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Income Inequalities Hurts Health Of Teenagers

May 4, 2015

child development

A new international study published in The Lancet has revealed that socioeconomic disparities between the richest and the poorest in 34 countries widened over the last decade. It revealed that poor teenagers overall were more likely to be less physically active, have higher body mass indexes (BMI), and report more physical and psychological troubles, such as headaches and “feeling low.”

“A strong international focus on reducing childhood poverty and mortality in children under 5 years has not been matched by a similar response in older age groups, resulting in widening socioeconomic inequalities in adolescent health,” said lead author Drank Elgar, a psychiatry professor at McGill University in Canada, in a press release. “If health inequalities are now widening in such abundantly rich countries, particularly during the so-called ‘healthy years’ of adolescence, then these trends are especially alarming for future populations.”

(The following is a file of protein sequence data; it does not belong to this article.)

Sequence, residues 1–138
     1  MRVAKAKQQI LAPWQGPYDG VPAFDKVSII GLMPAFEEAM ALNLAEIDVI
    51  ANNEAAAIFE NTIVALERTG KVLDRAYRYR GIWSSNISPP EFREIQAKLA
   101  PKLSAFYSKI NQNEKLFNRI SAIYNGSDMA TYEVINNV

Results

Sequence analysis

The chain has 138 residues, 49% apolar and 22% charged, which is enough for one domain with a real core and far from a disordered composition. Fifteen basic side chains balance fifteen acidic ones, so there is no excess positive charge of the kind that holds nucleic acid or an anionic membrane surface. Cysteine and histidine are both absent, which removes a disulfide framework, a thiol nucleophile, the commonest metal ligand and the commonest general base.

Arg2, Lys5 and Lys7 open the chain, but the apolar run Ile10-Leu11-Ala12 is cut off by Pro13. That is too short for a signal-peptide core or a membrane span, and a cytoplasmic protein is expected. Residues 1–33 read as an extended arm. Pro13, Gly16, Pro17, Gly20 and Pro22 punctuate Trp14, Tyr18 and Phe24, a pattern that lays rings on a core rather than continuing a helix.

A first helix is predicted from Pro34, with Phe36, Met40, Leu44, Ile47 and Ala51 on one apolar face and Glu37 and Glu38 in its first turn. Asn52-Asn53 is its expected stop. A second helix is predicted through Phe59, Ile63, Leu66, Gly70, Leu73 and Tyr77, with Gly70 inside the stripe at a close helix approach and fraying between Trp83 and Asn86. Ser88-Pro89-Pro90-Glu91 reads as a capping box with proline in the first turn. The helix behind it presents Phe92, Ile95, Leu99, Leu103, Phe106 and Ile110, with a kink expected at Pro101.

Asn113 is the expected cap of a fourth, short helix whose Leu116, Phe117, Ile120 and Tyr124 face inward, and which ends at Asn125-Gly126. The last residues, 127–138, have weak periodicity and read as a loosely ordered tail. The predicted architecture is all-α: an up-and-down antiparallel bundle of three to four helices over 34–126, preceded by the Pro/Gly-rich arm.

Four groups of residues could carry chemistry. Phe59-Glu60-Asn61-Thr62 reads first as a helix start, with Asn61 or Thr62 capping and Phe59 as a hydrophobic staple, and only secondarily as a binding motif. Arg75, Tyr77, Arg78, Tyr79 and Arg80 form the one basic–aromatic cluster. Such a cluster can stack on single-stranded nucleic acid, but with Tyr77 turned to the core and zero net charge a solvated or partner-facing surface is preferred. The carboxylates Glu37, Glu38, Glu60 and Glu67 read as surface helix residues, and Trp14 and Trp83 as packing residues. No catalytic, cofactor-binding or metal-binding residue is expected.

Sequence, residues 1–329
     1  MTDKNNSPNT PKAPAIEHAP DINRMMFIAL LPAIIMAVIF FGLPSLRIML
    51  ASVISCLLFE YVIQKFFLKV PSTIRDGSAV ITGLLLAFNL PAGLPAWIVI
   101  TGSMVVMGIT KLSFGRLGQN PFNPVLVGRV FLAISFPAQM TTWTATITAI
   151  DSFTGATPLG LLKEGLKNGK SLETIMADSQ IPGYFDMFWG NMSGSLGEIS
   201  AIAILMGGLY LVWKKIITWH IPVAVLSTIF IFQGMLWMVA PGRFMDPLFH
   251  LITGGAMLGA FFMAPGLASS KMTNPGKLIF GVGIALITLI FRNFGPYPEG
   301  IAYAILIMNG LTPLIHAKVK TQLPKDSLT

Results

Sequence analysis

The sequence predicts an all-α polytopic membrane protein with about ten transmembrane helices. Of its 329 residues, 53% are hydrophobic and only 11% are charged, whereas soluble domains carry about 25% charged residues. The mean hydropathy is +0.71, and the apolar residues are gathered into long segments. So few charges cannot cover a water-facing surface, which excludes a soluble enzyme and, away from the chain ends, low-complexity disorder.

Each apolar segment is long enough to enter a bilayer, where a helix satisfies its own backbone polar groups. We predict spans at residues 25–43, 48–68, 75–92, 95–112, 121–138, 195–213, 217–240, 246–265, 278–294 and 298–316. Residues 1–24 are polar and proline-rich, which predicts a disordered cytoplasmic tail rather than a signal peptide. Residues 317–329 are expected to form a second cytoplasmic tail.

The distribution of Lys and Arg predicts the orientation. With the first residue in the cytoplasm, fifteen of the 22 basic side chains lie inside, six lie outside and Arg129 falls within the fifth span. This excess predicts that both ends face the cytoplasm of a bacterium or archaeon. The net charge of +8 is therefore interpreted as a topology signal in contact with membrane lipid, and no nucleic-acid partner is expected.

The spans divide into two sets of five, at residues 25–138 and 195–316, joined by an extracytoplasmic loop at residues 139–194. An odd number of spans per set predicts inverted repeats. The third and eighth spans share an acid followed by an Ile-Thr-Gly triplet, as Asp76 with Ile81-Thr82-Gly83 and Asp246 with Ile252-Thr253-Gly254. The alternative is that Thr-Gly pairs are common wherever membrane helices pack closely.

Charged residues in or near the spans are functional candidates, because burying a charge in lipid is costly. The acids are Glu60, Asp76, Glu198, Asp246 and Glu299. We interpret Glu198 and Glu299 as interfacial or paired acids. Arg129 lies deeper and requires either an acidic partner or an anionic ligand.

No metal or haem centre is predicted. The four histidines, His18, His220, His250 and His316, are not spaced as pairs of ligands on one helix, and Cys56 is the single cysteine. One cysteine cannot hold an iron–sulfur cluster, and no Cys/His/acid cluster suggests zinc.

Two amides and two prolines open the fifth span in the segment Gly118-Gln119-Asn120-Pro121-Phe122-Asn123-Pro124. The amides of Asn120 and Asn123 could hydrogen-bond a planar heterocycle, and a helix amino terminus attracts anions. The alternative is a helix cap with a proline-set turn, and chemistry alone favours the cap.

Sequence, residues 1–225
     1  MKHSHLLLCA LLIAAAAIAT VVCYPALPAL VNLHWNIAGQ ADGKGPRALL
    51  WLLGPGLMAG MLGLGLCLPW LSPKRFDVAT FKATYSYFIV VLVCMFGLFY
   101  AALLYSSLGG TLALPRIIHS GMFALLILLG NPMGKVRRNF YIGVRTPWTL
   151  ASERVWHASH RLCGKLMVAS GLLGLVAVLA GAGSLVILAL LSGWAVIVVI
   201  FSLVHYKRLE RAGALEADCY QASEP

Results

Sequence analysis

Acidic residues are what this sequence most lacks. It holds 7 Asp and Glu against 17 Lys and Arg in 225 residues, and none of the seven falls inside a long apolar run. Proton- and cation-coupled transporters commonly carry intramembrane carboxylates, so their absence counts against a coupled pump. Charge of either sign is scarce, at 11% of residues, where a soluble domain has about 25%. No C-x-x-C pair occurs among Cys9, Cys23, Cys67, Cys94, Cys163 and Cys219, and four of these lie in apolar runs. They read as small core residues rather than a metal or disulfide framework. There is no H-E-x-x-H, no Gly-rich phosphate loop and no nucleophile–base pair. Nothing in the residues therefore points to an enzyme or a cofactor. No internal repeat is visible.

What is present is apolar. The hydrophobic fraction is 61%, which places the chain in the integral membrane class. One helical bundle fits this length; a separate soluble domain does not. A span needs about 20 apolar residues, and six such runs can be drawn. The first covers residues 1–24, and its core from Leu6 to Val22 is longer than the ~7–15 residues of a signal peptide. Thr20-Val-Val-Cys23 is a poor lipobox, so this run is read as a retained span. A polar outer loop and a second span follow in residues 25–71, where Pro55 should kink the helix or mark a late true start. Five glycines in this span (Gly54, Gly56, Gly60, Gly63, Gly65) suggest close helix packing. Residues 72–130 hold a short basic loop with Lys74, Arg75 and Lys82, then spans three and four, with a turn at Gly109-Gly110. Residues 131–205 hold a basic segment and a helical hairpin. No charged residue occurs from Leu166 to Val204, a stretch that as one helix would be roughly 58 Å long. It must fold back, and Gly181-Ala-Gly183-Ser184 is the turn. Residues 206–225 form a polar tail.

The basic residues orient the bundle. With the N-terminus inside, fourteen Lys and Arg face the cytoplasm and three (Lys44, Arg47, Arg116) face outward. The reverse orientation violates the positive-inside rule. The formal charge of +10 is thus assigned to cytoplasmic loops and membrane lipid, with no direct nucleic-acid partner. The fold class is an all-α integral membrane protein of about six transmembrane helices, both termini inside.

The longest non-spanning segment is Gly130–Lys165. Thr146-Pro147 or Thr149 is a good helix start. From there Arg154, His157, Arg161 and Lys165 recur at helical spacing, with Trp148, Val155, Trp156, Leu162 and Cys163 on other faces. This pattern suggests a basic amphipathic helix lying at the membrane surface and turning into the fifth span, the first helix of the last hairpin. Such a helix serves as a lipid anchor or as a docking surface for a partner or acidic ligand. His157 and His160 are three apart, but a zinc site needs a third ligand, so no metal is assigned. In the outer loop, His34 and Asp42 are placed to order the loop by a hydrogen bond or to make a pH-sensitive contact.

Motherhood

A report from the Joseph Rowntree Foundation in the UK notes: “The most plausible explanation for income inequality’s apparent effect on health and social problems is ‘status anxiety.’ This suggests that income inequality is harmful because it places people in a hierarchy that increases status competition and causes stress, which leads to poor health and other negative outcomes.”

Investment in youth now could pay huge dividends in health outcomes and reduce health disparities in later years,” researchers from Columbia University’s Mailman School of Public Health wrote in a comment on the study. “A focus should be on social factors that affect the health and wellbeing of young people.”

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From → Blog for Youth

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